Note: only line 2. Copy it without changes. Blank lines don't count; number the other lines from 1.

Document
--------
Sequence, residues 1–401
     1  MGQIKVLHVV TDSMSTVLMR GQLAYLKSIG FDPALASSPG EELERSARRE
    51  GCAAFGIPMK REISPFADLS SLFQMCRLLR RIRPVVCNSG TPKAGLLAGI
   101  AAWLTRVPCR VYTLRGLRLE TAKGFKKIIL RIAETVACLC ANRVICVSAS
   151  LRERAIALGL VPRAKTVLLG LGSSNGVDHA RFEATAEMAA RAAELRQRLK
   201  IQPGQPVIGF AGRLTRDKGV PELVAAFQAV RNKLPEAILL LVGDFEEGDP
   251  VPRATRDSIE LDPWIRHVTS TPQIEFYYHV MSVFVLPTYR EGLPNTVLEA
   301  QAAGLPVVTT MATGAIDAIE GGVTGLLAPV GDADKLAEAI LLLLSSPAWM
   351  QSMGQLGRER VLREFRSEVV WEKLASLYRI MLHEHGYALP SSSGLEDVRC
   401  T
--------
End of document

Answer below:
     1  MGQIKVLHVV TDSMSTVLMR GQLAYLKSIG FDPALASSPG EELERSARRE